The Righteous Mind: Why Good People Are Divided by Politics and Religion
by Jonathan Haidt
Pantheon/Random House (2012), hardcover, 392 pages
This book confirmed a lot of what I’ve learned from studying sociology and anthropology, but it added the dimensions of moral and evolutionary psychology to help me get a better understanding of why people in America just can’t get along these days.
According to Haidt, morality evolved as a functional adaptation that helped groups work together beyond kinship networks to build larger societies and eventually civilizations. Most moral systems rest on six foundations: care, fairness, liberty, authority, loyalty, and sanctity, placing equal value on all six and allowing each to color perceptions of the others. But in the West, people who are Westernized, educated, individualistic, rich, and democratic (i.e., liberals) place great value on care, fairness, and liberty but very little value on authority, loyalty, and sanctity. In fact, they often view authority, loyalty, and sanctity as immoral because they see them as restricting personal liberty. Plus, their ideas of what constitutes care, fairness, and liberty are different from the traditional views because they’re not colored by ideas of authority, loyalty, and sanctity. For example, while the traditional (i.e., conservative) view of fairness is based on proportionality—meaning if one works for it, one should be able to keep it, and it’s unfair to take it away from one who works and give it to one who doesn’t—the liberal view of fairness is based on equality of outcomes, meaning if one person has a lot more wealth than another, that’s unfair.
Beyond the cultural dimension, the psychological dimension Haidt brings to the table is that liberals and conservatives have a lot of trouble getting along because we humans are programmed to think moralistically and groupishly. We’ll take our group’s side in any argument and find plenty of post hoc justifications as to why our group is right and the other group is wrong. Individual reason doesn’t break down bias—confirmation bias guides our reason to find justifications for what we want to believe about our group. We’re also constantly seeking approval from our own group, so the only reliable way to find common ground is to create groups that consist of people who disagree with each other. When the desire to come together and create a larger group trumps our individual confirmation bias, then we can put reason to work to find common ground.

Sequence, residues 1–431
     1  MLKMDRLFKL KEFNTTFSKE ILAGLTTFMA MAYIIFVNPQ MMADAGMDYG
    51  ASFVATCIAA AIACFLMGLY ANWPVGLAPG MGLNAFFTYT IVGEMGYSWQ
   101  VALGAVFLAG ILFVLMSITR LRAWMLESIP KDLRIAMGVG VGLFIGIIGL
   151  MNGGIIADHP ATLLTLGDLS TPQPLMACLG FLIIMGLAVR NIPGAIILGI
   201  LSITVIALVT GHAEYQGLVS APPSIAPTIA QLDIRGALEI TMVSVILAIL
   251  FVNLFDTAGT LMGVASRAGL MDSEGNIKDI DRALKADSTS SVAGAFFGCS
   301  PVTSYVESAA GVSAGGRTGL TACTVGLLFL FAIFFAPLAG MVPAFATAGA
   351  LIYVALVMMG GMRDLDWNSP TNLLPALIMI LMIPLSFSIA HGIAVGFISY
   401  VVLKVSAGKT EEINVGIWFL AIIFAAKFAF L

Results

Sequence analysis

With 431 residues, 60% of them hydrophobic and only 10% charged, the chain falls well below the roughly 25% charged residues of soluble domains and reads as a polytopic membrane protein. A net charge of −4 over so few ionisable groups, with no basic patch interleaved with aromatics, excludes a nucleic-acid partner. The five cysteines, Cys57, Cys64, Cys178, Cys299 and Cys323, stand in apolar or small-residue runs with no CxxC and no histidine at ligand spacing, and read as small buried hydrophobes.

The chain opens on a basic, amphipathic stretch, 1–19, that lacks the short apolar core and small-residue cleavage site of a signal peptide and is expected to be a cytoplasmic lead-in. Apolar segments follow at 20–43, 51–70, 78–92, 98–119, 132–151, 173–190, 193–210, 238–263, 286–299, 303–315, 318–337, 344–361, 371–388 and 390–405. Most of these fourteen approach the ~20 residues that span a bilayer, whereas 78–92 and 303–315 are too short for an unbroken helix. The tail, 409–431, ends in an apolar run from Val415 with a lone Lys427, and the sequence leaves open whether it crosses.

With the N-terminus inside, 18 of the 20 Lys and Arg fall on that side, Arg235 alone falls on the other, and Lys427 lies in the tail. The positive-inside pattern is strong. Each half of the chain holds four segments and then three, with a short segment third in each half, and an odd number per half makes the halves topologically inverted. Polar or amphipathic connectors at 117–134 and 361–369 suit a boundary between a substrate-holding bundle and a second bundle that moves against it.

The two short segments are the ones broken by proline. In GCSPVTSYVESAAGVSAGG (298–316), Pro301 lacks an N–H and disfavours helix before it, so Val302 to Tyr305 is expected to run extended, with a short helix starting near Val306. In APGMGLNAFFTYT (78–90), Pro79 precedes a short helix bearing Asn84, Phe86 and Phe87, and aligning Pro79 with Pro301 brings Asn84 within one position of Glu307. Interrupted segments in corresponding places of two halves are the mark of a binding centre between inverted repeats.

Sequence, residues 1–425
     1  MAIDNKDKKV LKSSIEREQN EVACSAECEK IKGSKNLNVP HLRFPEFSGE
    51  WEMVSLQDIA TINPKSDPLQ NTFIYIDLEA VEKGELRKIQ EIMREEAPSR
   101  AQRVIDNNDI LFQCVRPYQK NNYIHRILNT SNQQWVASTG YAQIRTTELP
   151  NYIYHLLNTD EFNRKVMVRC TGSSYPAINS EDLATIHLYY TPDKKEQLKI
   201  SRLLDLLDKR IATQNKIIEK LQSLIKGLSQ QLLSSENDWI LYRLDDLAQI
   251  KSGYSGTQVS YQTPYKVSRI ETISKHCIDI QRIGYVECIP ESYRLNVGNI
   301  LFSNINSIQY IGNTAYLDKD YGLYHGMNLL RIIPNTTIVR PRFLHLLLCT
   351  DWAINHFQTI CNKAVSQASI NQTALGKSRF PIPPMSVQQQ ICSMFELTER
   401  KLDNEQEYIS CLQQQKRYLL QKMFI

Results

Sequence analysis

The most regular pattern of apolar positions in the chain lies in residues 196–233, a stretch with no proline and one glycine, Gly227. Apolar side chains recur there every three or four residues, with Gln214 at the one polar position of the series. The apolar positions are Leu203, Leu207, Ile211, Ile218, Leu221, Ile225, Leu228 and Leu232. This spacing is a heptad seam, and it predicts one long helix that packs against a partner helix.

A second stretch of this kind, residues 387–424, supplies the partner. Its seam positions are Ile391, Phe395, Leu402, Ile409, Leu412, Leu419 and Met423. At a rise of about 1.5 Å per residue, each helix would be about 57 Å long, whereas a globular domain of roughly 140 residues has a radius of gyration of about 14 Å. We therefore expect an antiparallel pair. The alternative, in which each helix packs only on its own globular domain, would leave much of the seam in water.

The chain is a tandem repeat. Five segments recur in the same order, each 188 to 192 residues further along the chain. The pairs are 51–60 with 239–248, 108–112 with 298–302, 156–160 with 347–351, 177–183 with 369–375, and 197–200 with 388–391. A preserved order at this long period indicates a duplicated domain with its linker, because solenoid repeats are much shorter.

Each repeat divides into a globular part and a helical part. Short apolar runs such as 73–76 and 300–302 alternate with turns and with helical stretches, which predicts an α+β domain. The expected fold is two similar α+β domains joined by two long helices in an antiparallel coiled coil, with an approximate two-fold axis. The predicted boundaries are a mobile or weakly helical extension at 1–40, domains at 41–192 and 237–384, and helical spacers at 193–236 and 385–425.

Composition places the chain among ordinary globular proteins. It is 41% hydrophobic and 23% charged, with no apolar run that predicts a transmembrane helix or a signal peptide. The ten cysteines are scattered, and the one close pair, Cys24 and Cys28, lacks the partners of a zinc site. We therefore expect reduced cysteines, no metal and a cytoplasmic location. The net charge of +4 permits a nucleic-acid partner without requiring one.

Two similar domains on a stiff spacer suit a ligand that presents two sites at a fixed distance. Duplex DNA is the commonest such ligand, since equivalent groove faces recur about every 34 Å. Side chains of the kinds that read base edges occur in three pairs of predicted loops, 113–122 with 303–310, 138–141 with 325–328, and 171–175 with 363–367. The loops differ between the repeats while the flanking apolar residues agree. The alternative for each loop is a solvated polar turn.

However, we don’t do that anymore in America because our two major political parties have become so polarized and ideologically pure. Members of Congress from the two parties don’t socialize anymore, their families don’t live in Washington, and their children don’t go to the same schools. They exist in separate groups, so they have no groupish interest to agree on how to solve problems. They’re just fighting for their own groups, and they see the other group as immoral and therefore unworthy to be compromised with. The only instance in which they do come together is when the “hive switch” gets flipped and we all start working together against a common threat, as with 9/11. But beyond that, we’re just acting tribally and parochially.
My major takeaway from this book is that if we want to try to start bridging the divide in this country, discussing the issues isn’t the way to do it. First, we’ve got to create a sense of community, and that means getting together to socialize and work toward common goals that have nothing to do with politics. Only once we’ve broken down the sense of “us” and “them” and just created an “us” that we all value and want to be a part of will our intuitions and confirmation bias make us want to start finding reasons to agree with each other rather than disagree. That’s very hard to do on the national level, but we can do it on a local level, so in my opinion, that’s step one.